What is Frye Standard?

The Frye standard is a legal doctrine that perplexes even the most seasoned of attorneys. It's an evidentiary rule used in some parts of the United States to assess whether expert testimony is admissible in court.

This standard requires that the scientific principles or methods used by the expert witness must be generally accepted by the relevant scientific community.

The Frye standard originated from a 1923 case, Frye v. United States, where the court ruled that scientific test results must be widely accepted as reliable within the relevant scientific community to be presented as evidence in court. However, it was later replaced in some jurisdictions by the more flexible Daubert standard in the 1990s.

The Frye standard demands that the party seeking to admit expert testimony must show that the scientific principles or methods used by the expert are widely accepted within the relevant field.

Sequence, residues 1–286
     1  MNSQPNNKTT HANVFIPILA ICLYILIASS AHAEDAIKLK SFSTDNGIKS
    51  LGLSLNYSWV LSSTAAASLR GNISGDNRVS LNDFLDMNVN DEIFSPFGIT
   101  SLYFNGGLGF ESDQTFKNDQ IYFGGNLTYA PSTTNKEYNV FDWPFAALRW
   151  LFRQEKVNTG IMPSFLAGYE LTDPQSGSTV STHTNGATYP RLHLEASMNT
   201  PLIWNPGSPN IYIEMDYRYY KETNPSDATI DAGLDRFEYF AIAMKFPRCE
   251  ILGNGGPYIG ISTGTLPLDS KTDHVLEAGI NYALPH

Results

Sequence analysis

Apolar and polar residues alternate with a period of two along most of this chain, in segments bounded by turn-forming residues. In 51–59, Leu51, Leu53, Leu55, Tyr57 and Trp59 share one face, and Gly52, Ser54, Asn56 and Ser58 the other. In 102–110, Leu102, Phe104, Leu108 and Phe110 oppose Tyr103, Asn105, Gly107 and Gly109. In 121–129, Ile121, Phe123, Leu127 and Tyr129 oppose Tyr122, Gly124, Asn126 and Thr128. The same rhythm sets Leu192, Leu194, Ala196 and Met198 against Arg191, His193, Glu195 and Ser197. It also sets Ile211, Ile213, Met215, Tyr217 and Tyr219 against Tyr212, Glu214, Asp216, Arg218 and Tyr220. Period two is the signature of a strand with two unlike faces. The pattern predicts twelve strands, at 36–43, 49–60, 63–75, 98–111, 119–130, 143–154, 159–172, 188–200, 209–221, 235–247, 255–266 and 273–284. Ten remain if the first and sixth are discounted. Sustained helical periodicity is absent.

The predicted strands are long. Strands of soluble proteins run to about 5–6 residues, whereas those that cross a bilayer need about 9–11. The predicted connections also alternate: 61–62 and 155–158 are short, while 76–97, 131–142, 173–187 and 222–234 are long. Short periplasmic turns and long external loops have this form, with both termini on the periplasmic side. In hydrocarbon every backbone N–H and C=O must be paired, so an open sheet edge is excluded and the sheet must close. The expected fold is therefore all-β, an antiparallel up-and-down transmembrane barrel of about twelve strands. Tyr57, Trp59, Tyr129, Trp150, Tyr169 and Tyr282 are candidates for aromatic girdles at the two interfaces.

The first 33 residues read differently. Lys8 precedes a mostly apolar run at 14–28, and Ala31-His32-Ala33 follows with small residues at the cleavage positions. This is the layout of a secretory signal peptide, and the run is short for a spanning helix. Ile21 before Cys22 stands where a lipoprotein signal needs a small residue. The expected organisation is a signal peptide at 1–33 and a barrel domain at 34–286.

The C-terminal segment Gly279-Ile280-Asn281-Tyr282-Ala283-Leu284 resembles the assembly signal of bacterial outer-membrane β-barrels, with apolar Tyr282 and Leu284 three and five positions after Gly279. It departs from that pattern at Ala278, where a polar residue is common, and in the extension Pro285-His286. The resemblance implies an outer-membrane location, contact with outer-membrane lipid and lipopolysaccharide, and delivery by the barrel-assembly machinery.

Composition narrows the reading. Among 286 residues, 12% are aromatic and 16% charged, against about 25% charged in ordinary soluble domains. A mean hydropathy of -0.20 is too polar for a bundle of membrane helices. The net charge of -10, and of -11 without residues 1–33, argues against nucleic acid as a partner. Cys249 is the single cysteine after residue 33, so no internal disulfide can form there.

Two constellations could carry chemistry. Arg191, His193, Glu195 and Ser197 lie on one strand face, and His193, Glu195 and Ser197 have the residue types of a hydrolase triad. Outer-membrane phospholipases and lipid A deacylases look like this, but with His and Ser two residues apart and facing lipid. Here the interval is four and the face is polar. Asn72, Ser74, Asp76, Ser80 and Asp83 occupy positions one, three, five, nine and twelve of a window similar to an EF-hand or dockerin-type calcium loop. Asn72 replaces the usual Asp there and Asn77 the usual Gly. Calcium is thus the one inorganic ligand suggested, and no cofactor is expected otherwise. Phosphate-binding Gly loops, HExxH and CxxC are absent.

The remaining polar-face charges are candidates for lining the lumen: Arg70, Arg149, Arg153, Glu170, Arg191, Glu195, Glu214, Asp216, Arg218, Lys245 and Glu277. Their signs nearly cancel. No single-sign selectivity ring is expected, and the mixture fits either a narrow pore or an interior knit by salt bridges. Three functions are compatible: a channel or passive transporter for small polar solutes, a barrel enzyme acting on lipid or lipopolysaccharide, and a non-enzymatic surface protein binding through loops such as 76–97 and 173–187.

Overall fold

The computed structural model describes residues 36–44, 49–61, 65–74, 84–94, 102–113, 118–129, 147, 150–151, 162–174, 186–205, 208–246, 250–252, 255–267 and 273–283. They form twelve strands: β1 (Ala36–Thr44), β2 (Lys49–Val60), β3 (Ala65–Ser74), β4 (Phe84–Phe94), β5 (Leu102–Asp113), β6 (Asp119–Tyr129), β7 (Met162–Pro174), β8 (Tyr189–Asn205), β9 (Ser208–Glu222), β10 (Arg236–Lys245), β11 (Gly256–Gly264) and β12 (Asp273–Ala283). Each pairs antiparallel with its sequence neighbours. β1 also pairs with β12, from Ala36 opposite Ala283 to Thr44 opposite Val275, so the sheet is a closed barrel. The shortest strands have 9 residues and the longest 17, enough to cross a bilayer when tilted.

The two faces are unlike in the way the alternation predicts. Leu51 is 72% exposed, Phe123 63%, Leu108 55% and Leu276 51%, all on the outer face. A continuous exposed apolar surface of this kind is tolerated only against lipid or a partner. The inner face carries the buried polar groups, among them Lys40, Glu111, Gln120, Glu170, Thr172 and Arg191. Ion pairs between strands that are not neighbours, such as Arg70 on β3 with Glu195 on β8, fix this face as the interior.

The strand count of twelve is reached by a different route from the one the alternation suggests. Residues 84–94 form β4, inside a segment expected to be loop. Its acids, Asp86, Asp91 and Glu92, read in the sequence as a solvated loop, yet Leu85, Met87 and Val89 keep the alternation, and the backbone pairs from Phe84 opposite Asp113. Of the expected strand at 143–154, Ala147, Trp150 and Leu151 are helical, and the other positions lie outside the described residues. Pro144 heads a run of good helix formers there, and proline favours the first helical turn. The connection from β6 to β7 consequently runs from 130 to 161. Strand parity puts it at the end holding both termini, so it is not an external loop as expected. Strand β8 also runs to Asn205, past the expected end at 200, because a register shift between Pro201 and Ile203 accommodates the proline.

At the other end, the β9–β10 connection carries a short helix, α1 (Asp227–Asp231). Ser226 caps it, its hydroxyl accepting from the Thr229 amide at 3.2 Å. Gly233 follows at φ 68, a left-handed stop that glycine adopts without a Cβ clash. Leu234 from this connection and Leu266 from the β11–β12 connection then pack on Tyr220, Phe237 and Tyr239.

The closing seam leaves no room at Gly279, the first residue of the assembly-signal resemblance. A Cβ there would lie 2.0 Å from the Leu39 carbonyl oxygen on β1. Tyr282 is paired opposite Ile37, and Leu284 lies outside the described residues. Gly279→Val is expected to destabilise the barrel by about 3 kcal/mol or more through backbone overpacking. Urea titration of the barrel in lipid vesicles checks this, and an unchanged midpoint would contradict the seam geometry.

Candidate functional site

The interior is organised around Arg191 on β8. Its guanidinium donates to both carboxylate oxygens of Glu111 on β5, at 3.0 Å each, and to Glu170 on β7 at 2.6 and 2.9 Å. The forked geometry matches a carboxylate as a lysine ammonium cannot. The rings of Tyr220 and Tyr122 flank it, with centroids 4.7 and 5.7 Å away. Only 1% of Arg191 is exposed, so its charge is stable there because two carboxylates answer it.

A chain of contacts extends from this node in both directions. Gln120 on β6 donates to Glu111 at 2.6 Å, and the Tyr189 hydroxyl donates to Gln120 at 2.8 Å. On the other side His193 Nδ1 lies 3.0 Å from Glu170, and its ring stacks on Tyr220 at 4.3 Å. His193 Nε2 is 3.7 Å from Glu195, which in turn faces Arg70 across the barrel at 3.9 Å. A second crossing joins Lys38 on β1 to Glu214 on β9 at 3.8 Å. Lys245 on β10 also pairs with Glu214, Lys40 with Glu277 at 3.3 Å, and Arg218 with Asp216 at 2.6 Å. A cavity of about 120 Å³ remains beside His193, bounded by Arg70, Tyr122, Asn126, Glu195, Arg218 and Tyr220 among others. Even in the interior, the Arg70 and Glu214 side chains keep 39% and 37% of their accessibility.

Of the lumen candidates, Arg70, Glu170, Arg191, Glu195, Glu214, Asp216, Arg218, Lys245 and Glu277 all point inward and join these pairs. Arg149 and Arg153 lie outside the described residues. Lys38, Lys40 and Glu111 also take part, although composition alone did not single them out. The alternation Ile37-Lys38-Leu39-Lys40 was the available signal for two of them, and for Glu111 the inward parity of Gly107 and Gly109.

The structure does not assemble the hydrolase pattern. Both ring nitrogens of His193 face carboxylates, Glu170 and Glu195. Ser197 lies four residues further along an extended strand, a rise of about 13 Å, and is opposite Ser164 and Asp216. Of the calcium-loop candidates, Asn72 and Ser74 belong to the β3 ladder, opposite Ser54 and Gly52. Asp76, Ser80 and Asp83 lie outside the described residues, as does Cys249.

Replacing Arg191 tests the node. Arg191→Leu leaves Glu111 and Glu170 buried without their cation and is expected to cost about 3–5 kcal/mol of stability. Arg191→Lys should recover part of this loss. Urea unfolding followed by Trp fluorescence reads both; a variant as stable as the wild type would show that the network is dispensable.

This can be accomplished through expert witness testimony, scientific literature, and other evidence that demonstrates the widespread acceptance of the principles or methods within the scientific community.

While the Frye standard is still employed in some U.S. jurisdictions, the Daubert standard has been embraced by others. The Daubert standard permits judges to adopt a more adaptable approach to the admissibility of expert testimony, focusing on the reliability and relevance of the testimony rather than the general acceptance of the underlying scientific principles or methods.

The Frye standard is a critical legal principle in criminology and is one of several methods used to determine whether expert testimony is admissible in court.

Its application has evolved over time, and its continued use is a matter of heated debate and dispute among legal and scientific experts.